I sometimes feel like I'm doing an okay job at many endeavors. I want to do a fabulous job at at least on thing: writing. Whatever it takes to excel, that's what I should do. Take the time to look up spelling and grammar questions in my Chicago Manual of Style. Know thy craft.

The hard part about excelling at one endeavor is that it means cosciously downplaying other things. The easiest way to keep priorities straight is to organize one's day in order of one's priorities. That way, one doesn't have to resist temptation, in theory; one simply runs out of time for the less-important things. In reality, though, resisting temptation is harder than that. It takes active work not to check e-mail or have a snack instead of following the plan.

I sometimes feel like I don't have time to do a better job at the things that are most important. That's why I'm looking to cut out the unnecessary time consumers in my day. Checking e-mail seems innocuous enough, but it adds up. How many minutes of your life do you want to spend checking e-mail so frequently that most of the time, there are no new messages? And do you have to fix yourself something in the kitchen before you do everything? No. You can save the ten minutes it takes to make your French-press coffee and just go! These things are low priorities.

Then there are things that are great to do, but only if time allows, such as logging my spending, cleaning my room, and cooking things that take a long time. The key is not to just latch onto any little thing on the to-do list to avoid doing the most important chore.

Speaking of that high priority, I have three goals as a writer. The first one is to practice writing and improve my ability to express my ideas in words along with the ideas themselves. My blogs are mostly where I practice my writing. The second goal is to find ways of publishing and making money from my writing. I do that by writing for a local newspaper and doing some scientific writing for an on-line journal. The third goal is to write things that are meant to last. Blog posts and newspaper stories get old quickly, and people only happen on them right after they are published. Once an article or post goes into the archives, few will read it. That's why I think it's important to work on a long-term writing project that could eventually become a book.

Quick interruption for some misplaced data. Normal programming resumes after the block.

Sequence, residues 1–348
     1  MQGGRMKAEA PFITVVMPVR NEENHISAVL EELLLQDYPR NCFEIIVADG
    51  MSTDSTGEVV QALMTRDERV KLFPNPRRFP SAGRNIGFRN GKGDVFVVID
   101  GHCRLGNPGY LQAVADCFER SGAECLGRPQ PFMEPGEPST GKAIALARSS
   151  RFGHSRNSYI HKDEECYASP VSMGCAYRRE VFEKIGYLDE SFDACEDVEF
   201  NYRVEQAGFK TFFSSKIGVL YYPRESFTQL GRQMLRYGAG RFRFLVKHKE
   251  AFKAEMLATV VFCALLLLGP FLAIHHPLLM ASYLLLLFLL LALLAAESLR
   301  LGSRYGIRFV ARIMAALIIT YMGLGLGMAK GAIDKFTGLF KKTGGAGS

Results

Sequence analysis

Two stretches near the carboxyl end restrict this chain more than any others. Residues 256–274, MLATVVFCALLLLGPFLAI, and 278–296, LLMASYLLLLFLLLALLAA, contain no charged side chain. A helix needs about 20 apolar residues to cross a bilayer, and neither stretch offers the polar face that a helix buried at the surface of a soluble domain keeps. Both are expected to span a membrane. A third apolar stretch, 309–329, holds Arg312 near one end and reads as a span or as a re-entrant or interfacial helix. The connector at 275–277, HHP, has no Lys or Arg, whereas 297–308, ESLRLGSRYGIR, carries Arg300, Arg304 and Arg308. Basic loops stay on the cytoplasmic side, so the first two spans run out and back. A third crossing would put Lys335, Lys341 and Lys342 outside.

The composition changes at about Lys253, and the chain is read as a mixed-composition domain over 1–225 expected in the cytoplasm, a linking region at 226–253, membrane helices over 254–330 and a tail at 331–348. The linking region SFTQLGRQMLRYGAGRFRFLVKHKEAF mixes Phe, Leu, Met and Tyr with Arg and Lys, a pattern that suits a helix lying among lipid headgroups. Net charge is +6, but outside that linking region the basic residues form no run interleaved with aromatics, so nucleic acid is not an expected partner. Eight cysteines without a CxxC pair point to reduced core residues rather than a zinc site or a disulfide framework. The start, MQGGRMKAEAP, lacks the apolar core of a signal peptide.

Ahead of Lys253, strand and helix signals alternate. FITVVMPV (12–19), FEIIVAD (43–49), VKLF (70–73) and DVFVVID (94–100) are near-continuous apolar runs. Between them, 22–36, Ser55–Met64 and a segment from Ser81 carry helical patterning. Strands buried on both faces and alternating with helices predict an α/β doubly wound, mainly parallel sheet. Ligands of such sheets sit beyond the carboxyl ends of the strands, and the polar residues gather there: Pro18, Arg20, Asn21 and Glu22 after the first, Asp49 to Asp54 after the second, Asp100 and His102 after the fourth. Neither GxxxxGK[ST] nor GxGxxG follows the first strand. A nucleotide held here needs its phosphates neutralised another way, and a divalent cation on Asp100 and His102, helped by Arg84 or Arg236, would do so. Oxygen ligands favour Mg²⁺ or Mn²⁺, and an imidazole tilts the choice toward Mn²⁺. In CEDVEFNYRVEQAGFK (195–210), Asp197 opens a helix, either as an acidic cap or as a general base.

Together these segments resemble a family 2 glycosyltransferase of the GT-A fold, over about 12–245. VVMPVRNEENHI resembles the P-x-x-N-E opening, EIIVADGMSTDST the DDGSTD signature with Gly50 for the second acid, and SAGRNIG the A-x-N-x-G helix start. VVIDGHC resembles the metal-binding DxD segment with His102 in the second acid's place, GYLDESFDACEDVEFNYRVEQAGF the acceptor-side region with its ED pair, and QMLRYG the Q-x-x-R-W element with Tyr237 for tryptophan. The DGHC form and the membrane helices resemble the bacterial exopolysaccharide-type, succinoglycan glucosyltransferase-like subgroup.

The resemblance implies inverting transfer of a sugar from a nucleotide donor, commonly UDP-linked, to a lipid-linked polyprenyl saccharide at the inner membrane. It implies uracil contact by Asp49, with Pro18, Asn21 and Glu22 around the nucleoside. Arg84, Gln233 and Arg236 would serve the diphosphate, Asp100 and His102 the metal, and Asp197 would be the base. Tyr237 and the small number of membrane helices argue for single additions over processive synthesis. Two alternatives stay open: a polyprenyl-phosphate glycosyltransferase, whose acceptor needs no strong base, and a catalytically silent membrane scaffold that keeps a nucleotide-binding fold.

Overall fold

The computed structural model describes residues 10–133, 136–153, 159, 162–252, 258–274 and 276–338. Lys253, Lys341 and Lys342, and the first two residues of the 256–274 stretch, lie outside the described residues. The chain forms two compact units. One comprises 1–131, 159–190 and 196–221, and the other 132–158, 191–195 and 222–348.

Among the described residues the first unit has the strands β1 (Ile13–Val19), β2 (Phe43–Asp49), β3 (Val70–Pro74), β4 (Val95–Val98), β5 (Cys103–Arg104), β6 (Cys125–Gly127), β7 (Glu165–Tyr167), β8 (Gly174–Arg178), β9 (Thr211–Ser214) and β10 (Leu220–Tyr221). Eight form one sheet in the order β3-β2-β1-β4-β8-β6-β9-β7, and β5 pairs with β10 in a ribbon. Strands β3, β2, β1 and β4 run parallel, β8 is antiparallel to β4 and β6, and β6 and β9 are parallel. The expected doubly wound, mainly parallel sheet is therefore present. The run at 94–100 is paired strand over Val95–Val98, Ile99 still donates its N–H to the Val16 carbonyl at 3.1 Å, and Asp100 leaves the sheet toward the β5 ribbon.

There's a lot to do. I think I'll take a wee nap. But I'm not abandoning the plan, just showing how it's natural to deviate a little bit! Priorities are easier set than done!

Monday, September 7, 2009

Bible College Online

When I type www.crenshawseeds.blogspot.com into my browser, I go to Bible College Online.com megasite. I suspect that the Bible College website has some way to make itself appear instead of sites one commonly visits. I doubt that it actually came up with the name crenshawseeds for its URL. www.biblecollegeonline.com leads to the same page as www.crenshawseeds.blogspot.com.
So, when navigating to my blog, remember, it's http://crenshawseeds.blogspot.com.

It's ironic that the mega bible site comes up when I try to navigate to my blog because I am not religious and take offense at people and organizations that try to convert me and think I am a bad person, a pitiable person, without religion.

I particularly take offense at the concept of a megachurch or a mega bible site, because religion taken seriously and deeply felt seems like a nice thing, and mass-produced, quick-and-easy approaches to religion take something nice and make it ugly. It's like taking God's name in vain. That's what megachurches are doing. Giving God a bad name.

Unfortunately, megachurches are not the worst of the things that happen in the name of religion. There's war and cruelty and prejudice, all in the name of religion. I think that people would probably be just as brutish without religion. Just like people can do the right thing without religion, people can also be cruel without it. I think that the people who fight Holy Wars and punish others (like women, in Islamic cultures) for not following religious rules truly just seek power.

Would the Israelis and Palestinians still fight over land in a world without religion? They probably would. It might not be those two groups of people, but there might well be other groups of people who would want to claim the land and exclude others from it.

Religion is pervasive, though. It's hard to imagine a world without religion. In fact, religion comes from the imagination, in my opinion. People use religion to explain the unknown. Even scientists, who use science to explain the details of how things happen, still need religion to give meaning to the way things are. I don't personally know any deeply religious scientists, but I think, I "have faith," that they exist.

Nobody knows what happens to a person when they die. I think that nothing happens to them. As my then five-year-old great-great Uncle John Crenshaw said out-loud in church in response to a preacher's rhetorical question, "If a man does. shall he yet live again?":

"Nope, when you're dead, you're dead; that's all there is to it."

Friday, September 4, 2009

Garden Photos

A beautful tomato

Trellising take two

Polyculture, or the Bean Kills the Tomato. Which will it be?